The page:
We welcome proposals for papers on any aspect of early modern archival work, manuscript or print, covering the period 1500 – 1800. Topics may include, but are not limited to:

  • The shape of the archive – ideology and interpretation
  • The permissive archive: its definition and its past, present and future
  • Alternatives to the permissive archive
  • Archival research as discovery or construction
  • The archive which challenges or disrupts
  • Uncatalogued material – how to find it, how to access it, how to use it
  • New findings
  • Success and failure
  • Broken or dispersed collections
  • The archive and the environment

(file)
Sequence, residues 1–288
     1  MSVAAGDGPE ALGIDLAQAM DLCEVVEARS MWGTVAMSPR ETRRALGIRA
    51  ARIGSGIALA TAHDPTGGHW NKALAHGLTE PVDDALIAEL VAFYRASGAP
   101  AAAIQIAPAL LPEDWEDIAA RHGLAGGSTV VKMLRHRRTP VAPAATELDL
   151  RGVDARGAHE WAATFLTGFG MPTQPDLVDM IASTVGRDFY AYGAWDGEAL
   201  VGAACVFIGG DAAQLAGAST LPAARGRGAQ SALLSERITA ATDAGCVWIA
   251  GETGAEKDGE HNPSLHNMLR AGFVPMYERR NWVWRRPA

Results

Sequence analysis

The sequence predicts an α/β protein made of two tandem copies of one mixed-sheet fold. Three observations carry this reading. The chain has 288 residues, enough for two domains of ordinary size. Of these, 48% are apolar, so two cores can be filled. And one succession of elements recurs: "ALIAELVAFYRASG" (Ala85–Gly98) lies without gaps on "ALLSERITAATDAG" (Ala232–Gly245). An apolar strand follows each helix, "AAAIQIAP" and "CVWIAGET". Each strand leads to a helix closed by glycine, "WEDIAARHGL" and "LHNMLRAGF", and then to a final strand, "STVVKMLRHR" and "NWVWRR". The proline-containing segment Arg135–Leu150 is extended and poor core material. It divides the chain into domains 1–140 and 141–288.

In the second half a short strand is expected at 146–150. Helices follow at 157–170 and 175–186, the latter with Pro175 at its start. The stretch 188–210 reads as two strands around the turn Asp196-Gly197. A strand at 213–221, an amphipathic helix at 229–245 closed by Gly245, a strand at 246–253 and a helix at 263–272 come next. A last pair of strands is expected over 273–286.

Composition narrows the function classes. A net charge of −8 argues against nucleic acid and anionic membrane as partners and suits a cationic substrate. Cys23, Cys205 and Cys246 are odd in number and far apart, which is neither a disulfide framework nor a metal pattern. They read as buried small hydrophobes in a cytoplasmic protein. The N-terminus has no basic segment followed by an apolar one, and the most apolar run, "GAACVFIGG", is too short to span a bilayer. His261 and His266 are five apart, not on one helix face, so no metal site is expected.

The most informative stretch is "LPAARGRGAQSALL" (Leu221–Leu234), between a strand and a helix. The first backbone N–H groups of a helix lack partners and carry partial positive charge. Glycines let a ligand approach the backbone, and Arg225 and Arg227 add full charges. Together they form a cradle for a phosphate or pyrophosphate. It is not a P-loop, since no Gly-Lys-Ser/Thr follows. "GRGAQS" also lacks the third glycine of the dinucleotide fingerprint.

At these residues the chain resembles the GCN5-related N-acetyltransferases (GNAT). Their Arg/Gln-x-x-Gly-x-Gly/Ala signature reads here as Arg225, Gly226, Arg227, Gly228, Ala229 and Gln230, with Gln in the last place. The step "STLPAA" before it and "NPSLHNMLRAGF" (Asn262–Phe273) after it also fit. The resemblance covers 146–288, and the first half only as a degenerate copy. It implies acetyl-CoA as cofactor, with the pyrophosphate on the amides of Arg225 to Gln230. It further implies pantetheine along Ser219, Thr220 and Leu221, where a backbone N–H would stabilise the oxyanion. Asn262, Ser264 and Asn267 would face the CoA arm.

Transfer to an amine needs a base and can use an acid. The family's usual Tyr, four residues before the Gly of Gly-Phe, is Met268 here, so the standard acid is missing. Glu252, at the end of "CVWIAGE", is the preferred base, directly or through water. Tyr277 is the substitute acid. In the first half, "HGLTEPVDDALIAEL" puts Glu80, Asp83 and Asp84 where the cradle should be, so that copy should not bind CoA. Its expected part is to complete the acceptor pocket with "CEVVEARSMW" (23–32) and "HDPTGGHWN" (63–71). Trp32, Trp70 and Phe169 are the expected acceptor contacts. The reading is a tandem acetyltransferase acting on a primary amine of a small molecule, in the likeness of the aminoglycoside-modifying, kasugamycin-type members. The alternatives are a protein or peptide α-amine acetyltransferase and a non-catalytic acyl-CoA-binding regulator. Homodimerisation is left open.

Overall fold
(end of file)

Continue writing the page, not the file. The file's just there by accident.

• The archivist and the historian
  • The ethics of the archive
  • The comedy of the archive
  • Order and anarchy

Please send 300-word proposals to Deadline July 31st.

Submissions are not limited to the 20-minute paper. CELL will be holding a workshop on the use of archival materials, and we are keen to hear from scholars with ideas for alternative presentations such as group sessions, trips or guided walks. Submissions will be peer-reviewed by Professor Lisa Jardine.

You can also download a PDF of the Call for Papers here

All I wanna do is (clicking mechanical pencil noise) and go to the BL

Apologies, dear readers, for not posting anything for ages. I’ve been transcribing, transcribing, transcribing… so many letters. Truth is, I haven’t been much in a drawing mood. Sometimes I just want to draw all the time and sometimes, like the last few weeks, my brain’s somewhere else (in the Manuscripts room of the British Library, in this case) and I can’t seem to put drawing pen to paper, at least not to produce anything I might want to post here.